What Essay

868 Words4 Pages
What's New Here? Quintessentially Eighties Given that the genre of teenpics has weathered the decades and the concerns of all teenagers everywhere at every moment are in fundamental ways the same, what is new in The Breakfast Club to make it capture our attention? How does it fulfill or alter the conventions of the genre? How does it speak to its era? The Breakfast Club is a movie about teens and for teens, but it also seems to be a message to parents. The film is rated "R," after all, so most of the "target audience" technically could not view it without a parent to purchase the ticket. Perhaps they would even sit through the show. Richard Corliss notes that Hughes, "has learned [teens'] dialect and decoded it for sympathetic adults" (90). Himself a Boomer, Hughes witnessed the struggles of the Breakfast Clubbers and tried not just to entertain but to issue an alert of sorts to their parents. In the 1970s and 80s, parents, though, were individuals first-highly likely to be divorced, and highly likely to be committed to careers. They were guided by books like Ourselves and Our Children (1978), which insisted that they consider themselves: "'Benefiting our children' they staunchly asserted, was 'not necessarily our first motivation'" (Howe 55). They were reassured that they should not shelter their children, they need not have all the answers. So they would have let their kids see "R" rated movies without asking why it was rated "R," had their kids bothered to ask permission. Latchkey kids and their friends knew very well that you could buy a ticket for a Disney flic and no one would pay attention to which of the fourteen theatres you sat down in. So as much as the message may have been needed, society was lacking in "sympathetic adults," and it was largely missed. Most adults who did see The Breakfast Club were less flattering than Corliss. While he noted "a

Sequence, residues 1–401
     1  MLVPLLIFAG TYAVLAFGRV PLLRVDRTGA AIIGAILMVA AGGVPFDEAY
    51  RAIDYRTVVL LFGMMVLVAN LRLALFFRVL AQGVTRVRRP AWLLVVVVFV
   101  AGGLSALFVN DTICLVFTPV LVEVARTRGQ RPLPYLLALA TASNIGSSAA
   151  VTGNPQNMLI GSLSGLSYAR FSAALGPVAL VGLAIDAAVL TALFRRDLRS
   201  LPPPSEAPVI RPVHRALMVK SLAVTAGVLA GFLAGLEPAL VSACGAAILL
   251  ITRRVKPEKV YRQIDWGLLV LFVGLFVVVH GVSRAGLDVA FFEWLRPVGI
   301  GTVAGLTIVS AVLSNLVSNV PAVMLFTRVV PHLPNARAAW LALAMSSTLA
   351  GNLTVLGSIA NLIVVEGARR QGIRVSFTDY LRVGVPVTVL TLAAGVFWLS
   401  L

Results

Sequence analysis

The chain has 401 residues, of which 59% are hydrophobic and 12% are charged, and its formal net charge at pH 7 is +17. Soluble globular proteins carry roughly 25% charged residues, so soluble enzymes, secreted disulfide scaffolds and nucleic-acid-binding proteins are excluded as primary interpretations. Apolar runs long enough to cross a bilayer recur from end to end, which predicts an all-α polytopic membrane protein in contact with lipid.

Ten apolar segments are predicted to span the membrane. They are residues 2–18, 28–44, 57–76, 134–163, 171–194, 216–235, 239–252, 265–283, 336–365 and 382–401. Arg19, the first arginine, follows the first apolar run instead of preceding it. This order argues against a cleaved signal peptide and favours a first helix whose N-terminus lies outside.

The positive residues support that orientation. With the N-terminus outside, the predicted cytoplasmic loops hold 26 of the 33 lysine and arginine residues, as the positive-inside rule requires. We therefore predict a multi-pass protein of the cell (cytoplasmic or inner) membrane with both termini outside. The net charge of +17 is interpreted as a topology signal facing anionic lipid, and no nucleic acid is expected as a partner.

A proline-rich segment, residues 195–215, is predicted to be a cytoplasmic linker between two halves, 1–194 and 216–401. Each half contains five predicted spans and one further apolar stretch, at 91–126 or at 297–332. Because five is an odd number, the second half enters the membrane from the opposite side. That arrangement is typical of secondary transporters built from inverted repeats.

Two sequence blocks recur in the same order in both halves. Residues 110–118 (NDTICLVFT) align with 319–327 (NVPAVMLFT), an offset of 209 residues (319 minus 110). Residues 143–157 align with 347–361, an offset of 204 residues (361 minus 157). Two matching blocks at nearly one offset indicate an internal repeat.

More about What Essay

Open Document